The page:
Saturday, January 02, 2010

Out of the Vault- Elementals

I know I had issue #1 of this back in the day, but it seems to have come up missing. There have been times when I have gotten desperate enough for cash to sell off some pieces, so it may have been sold. That makes me sad. So the cover image here is from issue #2.

Elementals #1 was published by Comico in 1984. The Elementals were four people who had died in unrelated accidents at the same time and were then brought back to life by the elemental powers of the earth to protect the natural order from an impending threat to all existence. They were Morningstar (fire), Vortex (air), Fathom (water) and Monolith (earth). The book was pencilled and written by Bill Willingham, who had spent most of his career up to that time doing illustrations for game companies, including some artwork for Dungeons and Dragons. In 1982, he wrote and illustrated an adventure module for the Villains and Vigilantes game titled "Death Duel with the Destroyers." This was followed up by a sequel adventure, "The Island of Doctor Apocalypse."

And in 1984, the Elementals got their own book (they had appeared once before as a back-up feature in Justice Machine before Texas Comics went out of business), in which they faced off with (guess who?) the Destroyers. They lost that first battle and were then taken off to the island of Doctor... Saker, an immortal sorcerer who has been gathering supernatural energy for two thousand years and plans to release it in the form of a devastating weapon called the Shadowspear. The opening arc spanned five issues, in which the Elementals learned just how powerful they were and just how difficult their job was likely to be.

Unlike a lot of the mid-80's independent comics I've featured here, Elementals was a hit from the first issue, mainly due to Willingham's dynamic and detailed art. Willingham's style was distinctively his own, although it was in some ways similar to Michael Golden's. And apparently like Michael Golden, Willingham had trouble meeting deadlines. Guest pencillers were a frequent feature of the book.

But Elementals was also interesting from a story standpoint, because it was a superhero book, but a totally unique one. I don't know if any other American comic book combined such disparate elements as central features of their storyline.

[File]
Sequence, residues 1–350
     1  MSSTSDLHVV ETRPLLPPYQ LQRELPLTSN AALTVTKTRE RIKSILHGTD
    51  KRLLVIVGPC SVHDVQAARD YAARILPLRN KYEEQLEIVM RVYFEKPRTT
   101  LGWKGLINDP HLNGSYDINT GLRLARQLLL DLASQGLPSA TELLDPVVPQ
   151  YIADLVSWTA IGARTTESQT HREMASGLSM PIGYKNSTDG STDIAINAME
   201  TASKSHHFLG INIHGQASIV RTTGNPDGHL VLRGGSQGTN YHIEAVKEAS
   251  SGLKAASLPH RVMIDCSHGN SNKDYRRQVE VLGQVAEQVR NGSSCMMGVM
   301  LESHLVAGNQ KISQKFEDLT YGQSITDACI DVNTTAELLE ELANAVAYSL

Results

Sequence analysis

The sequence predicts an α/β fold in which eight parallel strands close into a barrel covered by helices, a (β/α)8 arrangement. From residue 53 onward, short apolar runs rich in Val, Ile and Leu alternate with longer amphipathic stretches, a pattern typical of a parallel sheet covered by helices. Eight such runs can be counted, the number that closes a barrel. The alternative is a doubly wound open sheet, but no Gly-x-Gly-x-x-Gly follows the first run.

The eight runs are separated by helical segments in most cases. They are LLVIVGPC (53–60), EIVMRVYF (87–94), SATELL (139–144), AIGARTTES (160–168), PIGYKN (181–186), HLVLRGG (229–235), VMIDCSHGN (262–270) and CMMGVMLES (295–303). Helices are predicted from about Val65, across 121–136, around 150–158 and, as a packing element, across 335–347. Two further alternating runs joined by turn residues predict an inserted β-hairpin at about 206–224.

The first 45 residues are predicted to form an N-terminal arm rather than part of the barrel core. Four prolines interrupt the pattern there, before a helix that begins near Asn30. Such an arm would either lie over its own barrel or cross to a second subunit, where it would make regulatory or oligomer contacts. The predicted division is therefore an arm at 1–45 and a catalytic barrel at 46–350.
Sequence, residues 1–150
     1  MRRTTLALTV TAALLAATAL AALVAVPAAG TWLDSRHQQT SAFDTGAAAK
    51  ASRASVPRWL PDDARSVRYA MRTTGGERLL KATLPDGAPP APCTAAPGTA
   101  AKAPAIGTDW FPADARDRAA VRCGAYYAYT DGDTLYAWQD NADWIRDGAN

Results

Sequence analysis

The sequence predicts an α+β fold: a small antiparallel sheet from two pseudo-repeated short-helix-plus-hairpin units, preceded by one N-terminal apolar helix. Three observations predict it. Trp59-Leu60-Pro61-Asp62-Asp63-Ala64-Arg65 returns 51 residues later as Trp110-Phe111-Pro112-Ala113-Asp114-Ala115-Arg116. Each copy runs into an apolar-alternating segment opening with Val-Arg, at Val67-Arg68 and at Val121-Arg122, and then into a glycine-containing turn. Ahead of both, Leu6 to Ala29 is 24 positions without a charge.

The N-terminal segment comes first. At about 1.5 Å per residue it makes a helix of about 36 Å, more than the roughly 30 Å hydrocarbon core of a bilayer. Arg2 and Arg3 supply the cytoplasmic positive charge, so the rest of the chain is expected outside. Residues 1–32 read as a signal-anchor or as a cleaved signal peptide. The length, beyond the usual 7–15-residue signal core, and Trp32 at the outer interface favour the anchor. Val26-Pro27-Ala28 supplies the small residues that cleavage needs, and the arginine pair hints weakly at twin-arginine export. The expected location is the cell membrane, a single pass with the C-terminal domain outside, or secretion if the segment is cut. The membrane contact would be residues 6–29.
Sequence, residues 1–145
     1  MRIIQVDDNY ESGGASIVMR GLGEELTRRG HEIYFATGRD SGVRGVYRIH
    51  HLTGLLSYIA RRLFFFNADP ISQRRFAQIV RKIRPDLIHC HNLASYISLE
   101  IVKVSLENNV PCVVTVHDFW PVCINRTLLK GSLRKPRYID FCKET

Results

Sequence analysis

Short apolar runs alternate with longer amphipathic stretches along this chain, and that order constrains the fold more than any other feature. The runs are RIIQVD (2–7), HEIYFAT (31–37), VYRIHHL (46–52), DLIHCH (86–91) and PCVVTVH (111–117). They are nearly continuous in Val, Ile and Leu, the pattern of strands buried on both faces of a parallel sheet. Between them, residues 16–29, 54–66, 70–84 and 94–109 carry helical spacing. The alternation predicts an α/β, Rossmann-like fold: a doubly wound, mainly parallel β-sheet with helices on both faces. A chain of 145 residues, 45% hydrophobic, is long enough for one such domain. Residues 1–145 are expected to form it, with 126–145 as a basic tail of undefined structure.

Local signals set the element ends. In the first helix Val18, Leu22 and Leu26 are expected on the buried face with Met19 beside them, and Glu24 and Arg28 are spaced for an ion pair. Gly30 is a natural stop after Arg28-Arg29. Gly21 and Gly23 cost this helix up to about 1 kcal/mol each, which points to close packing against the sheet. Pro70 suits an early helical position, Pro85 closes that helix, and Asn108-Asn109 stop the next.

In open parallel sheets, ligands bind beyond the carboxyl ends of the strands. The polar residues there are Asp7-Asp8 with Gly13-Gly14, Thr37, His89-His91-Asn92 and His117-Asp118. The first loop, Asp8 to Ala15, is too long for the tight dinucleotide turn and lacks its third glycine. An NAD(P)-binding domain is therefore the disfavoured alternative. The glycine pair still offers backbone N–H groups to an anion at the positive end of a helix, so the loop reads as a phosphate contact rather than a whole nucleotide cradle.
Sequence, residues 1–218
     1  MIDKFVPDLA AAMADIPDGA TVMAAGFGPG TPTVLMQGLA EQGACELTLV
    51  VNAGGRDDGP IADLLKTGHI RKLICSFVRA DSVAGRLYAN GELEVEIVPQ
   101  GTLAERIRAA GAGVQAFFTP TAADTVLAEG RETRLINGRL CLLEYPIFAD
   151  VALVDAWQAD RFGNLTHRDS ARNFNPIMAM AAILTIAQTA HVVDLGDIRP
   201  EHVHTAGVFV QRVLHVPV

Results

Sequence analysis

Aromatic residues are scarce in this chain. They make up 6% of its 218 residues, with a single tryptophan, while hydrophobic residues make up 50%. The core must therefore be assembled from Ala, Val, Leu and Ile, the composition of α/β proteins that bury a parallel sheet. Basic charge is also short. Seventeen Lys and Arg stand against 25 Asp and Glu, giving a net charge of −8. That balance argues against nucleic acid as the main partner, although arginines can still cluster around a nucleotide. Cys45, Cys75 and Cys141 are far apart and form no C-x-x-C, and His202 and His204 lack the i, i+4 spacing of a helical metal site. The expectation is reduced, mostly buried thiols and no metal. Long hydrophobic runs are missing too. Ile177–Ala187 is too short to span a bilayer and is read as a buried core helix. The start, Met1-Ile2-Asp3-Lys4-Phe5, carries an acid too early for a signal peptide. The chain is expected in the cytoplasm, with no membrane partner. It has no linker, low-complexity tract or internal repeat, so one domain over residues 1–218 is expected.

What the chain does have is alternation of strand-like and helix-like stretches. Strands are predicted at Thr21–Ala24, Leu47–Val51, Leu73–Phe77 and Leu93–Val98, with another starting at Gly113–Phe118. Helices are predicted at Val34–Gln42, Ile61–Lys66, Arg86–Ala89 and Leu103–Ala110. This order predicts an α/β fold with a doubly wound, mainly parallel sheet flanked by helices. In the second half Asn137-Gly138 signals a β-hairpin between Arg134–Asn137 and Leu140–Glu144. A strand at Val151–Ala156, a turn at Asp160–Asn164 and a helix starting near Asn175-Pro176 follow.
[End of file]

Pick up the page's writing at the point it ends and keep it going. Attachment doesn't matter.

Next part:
On the one hand, Elementals was a book that took place in the more-or-less "real" world, so superpowered violence was often deadly, and bloodily so. The violence and its consequences were often depicted with a realism not seen in other superhero comics. For instance, the infamous "vomit page" from issue 3, in which one of Saker's soldiers yaks up her lunch after seeing Vortex's mutilated body, described in clinical detail by her companion (I am proud to have the original artwork for this page gracing my wall at this moment, BTW).

In another issue, Vortex and Fathom attempt to quell a fire in a skyscraper, only to run into the pesky problems of physics, which cause their efforts to make things worse rather than better. The Elementals also encountered problems of fame and politics and love, depicted more realistically than the histrionic melodrama that was Marvel's usual fare.

But on the other hand, the powers of all the super-powered characters were supernatural in origin. Not only that, but all the characters with powers had died and been resurrected, making this perhaps the first super-zombie book ever. It also provided a handy explanation for why characters could be killed and yet return later. Death for a superhero is not just impermanent, but a prerequisite.

And one thing that made the depiction of the supernatural stand out in Elementals was the distinctly Christian nature of it. Not that Willingham's book was a Christian tract; exactly the opposite. Willingham's antipathy to Christianity was a central feature, from Saker's origin story (Saker was a thinly-disguised Lazarus, raised by a vain, demon-sired Jesus for the sake of his own vanity) to the multiple depictions of TV preachers as hypocritical villains. Saker's reference to himself as the "Prince of the power of the air" is a quote from Ephesians 2:2, which is usually interpreted as referring to Satan.

I eventually stopped reading after 22 issues. The first five-issue story arc had been fascinating, but then the series devolved into a succession of one and two-issue stories, some of which were excellent and some less so. But eventually the inconsistency and bitter tone of many of the stories got to me (along with the frequent guest artists who just didn't have the same flair with the characters as Willingham did). When Willingham in issue #22 introduced the Rapture, a Christian supervillain team who took their code-names from Bible verses, I decided enough was enough and quit.

That was in 1988. The series continued, first under Willingham and then under publisher Andrew Rev, who purchased the rights from Willingham, for another 8 years. Not a bad run for a comic inspired by an RPG supplement.

1 comment:

DB said...

I randomly was sent Elementals #2 along with an order from Mile High (I think). I'll have to check it out. I do like the cover.